NOW YOU SEE IT, NOW YOU DON’T

A clip from The China Study, by T.Colin Campbell:
…..“Like most chronic diseases, diabetes shows up more often in some parts of the world than in others. This has been known for a hundred years. It has also been well documented that those populations with low rates of diabetes eat different diets than those populations with high rates of diabetes. But is that just a coincidence, or is there something else at work?

The Seventh-day Adventists population is a good example. They are an interesting group of people to study because of their dietary habits: their religion encourages them to stay away from meat, fish, eggs, coffee, alcohol and tobacco. As a result, half of them are vegetarian. But 90% of these vegetarians still consume dairy and/or egg products, thus deriving a significant amount of their calories from animal sources. It should also be noted that the meat-eating Adventists are not the meatiest of eaters. They consume about three servings of beef a week, and less than one serving a week of fish and poultry.
In dietary studies involving the Adventists, scientists compare “moderate” vegetarians to “moderate” meat eaters. This is not a big difference. Even so, the Adventist vegetarians are much healthier than their meat eating counterparts. Those Adventists that “deprived” themselves of meat also “deprived” themselves of the ravages of diabetes. Compared to the meat eaters, the vegetarians had about one-half the rate of diabetes. They also had almost half the rate of obesity.

Studies:
• Researchers found that increased fat intake was associated with an increased rate of Type 2 diabetes among 1,300 people in the San Luis valley in Colorado. They said, “The findings support the hypothesis that high-fat, low-carbohydrate diets are associated with the onset of non-insulin-dependent [Type 2] diabetes mellitus in humans.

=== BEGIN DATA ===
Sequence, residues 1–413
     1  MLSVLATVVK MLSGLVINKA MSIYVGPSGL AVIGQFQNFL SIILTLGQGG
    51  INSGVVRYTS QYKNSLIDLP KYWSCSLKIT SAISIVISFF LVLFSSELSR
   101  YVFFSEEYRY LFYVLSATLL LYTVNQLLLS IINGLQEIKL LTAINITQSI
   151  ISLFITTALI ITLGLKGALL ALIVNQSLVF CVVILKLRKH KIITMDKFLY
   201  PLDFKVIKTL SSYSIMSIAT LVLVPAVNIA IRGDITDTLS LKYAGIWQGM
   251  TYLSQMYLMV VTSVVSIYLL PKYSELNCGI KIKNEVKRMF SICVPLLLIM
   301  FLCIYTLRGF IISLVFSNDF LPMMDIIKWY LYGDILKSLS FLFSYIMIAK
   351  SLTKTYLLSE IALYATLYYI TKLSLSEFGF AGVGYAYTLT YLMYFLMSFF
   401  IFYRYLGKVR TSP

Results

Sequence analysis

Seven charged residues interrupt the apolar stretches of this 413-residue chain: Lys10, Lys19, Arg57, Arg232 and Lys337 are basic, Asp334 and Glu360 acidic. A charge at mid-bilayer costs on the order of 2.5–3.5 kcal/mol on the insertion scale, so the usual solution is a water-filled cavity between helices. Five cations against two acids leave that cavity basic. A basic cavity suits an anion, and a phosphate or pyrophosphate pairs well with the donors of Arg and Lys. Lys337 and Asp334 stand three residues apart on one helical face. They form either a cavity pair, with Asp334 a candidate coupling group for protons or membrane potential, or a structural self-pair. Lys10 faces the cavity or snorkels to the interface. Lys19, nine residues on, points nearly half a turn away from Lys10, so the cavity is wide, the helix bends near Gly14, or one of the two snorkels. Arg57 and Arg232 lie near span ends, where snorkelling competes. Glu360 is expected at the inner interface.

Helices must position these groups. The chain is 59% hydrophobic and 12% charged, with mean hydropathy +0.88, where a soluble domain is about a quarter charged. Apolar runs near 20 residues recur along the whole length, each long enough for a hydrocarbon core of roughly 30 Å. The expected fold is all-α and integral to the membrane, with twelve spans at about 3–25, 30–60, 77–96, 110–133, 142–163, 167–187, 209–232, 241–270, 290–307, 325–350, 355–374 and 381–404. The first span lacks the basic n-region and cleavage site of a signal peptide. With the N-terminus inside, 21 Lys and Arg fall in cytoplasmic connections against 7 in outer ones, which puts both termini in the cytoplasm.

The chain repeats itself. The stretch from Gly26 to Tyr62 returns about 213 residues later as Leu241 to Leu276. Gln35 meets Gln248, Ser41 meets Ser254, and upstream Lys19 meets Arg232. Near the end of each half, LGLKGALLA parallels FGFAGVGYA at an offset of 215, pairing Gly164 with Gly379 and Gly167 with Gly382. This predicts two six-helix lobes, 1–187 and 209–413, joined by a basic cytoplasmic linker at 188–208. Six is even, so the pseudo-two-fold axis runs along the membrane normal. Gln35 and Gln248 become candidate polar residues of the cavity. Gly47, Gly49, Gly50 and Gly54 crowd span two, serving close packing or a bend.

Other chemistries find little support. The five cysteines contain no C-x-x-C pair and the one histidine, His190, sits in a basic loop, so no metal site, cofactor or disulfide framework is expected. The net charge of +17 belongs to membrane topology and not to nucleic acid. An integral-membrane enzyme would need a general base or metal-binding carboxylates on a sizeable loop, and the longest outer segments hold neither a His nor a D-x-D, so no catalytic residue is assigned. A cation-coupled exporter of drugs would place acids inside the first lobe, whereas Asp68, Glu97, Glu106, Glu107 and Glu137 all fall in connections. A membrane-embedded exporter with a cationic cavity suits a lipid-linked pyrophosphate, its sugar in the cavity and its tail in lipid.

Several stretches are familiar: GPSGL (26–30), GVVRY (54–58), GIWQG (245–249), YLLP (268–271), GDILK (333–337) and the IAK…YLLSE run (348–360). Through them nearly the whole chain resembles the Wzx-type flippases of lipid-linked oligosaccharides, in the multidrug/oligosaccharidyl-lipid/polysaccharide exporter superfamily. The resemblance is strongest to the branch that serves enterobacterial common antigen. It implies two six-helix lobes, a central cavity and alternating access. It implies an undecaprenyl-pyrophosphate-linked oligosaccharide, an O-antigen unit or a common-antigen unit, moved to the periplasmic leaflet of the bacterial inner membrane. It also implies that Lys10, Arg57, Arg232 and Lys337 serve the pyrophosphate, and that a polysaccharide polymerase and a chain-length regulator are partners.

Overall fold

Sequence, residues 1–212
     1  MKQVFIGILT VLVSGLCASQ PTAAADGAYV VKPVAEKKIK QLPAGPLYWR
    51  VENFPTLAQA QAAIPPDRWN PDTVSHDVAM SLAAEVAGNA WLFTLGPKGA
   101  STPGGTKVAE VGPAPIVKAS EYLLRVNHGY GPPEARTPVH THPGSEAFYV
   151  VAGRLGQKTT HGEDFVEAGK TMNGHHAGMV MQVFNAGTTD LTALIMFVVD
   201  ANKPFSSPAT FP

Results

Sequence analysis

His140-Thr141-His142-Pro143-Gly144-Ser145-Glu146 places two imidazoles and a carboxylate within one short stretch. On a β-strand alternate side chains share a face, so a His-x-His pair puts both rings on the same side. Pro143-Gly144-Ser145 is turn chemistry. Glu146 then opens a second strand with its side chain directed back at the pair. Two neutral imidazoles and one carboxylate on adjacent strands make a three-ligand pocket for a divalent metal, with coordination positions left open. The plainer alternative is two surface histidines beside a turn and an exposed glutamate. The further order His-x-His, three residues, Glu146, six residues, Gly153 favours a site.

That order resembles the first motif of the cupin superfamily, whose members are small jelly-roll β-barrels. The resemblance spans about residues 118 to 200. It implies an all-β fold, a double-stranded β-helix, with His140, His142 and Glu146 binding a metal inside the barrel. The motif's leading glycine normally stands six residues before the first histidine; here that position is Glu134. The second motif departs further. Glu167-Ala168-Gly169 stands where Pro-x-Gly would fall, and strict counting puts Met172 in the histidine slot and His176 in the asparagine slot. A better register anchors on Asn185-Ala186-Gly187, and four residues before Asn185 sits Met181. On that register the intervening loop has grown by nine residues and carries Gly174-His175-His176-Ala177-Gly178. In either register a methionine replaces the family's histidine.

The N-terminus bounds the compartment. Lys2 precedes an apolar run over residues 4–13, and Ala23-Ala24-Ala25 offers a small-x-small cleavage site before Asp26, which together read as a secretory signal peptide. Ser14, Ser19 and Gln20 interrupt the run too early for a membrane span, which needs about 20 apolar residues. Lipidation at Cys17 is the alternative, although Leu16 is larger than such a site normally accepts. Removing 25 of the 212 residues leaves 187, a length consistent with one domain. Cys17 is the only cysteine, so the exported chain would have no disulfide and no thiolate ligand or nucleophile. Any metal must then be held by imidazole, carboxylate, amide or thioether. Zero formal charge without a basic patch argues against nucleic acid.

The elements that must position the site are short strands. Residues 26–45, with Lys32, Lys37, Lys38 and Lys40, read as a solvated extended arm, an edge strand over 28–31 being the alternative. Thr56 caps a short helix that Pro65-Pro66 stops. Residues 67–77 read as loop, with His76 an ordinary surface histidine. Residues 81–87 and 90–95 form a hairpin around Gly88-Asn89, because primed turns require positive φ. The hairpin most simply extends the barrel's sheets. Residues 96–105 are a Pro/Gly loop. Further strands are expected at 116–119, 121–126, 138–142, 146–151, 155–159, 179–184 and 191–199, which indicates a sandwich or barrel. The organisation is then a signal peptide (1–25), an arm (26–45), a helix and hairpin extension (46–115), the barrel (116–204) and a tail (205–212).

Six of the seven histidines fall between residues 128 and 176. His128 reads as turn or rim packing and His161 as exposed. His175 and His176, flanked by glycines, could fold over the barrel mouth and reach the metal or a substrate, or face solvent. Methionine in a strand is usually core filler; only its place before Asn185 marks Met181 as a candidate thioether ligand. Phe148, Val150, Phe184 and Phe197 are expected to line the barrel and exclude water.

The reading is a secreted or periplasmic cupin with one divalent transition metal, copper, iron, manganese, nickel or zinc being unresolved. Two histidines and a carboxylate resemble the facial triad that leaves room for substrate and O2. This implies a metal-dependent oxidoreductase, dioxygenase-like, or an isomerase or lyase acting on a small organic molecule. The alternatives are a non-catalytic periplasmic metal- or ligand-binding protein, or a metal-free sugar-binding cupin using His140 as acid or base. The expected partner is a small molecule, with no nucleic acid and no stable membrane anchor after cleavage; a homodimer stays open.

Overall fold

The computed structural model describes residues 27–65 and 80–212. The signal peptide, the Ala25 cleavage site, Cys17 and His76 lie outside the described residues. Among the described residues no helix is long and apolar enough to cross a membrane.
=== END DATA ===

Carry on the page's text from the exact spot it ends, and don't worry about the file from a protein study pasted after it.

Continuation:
• In the past twenty-five years, the rate at which children in Japan contract Type 2 diabetes has more than tripled. Researchers note that consumption of animal protein and animal fat has drastically increased in the past fifty years. Researchers say that this dietary shift, along with low exercise levels, might be to blame for this explosion of diabetes.
• In England and Wales the rate of diabetes markedly dropped from 1940 to 1950, largely during World War II when food consumption patterns changed markedly. During the war and its aftermath, fiber and grain intake went up and fat intake went down. People ate “lower” on the food chain because of national necessity. Around 1950, though, people gave up the grain-based diets and returned to eating more fat, more sugar and less fiber. Sure enough, diabetes rates started going up.
• Researchers studied 36,000 women in Iowa for six years. All were free of diabetes at the start of the study, but more than 1,100 cases of diabetes developed after six years. The women who were least likely to get diabetes were those that ate the most whole grains and fiber—those whose diets contained the most carbohydrates (the complex kind found in whole foods).

All of these findings support the idea that both across and within populations, high-fiber, whole, plant-based foods protect against diabetes, and high-fat, high-protein, animal-based foods promote diabetes.”

Previous China Study clip Here

Brown Rice Grilled Veggie Bowl Mexican Style

Have you ever been to Juanita Greenberg’s Nacho Royale?…we’ve got them here in Charleston and they are serving up some tastiness, cool atmosphere with LOTS of vegan options.

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This is what I had, so easy to recreate at home! It’s a layer of brown rice, skillet black beans cooked in Mexican seasonings and a little veggie broth so it doesn’t stick to the skillet, grilled veggies, served with fresh salsa and guacamole on top. Yum! Mexican anyone?..

Diets & Diabetes Rates

A clip from The China Study, by Dr T.Colin Campbell:
“…Almost seventy years ago, H.P Himsworth compiled all the existing research in a report comparing diets and diabetes rates in six countries. What he found was that some cultures were consuming high-fat diets, while others had diets high in carbohydrates.
These fat vs. carbohydrate consumption patterns were the result of animal vs. plant food consumption.
As carbohydrate intake goes up and fat intake goes down, the number of deaths from diabetes plummets from 20.4 to 2.9 per 100,000 people. The verdict? A high-carbohydrate, low-fat diet—a plant-based diet—may help to prevent diabetes.
Thirty years later, the question was reexamined. After examining four countries from Southeast Asia and South America, researchers again found that high-carbohydrate diets were linked to low rates of diabetes. Researchers noted that the country with the highest rate of diabetes, Uruguay, had a diet that was “typically ‘Western’ in character, being high in calories, animal protein, [total] fat and animal fat.” Countries with low rates of diabetes used a diet that was “relatively lower in protein (particularly animal protein), fat and animal fat. A high proportion of calories is derived from carbohydrates, particularly from rice.”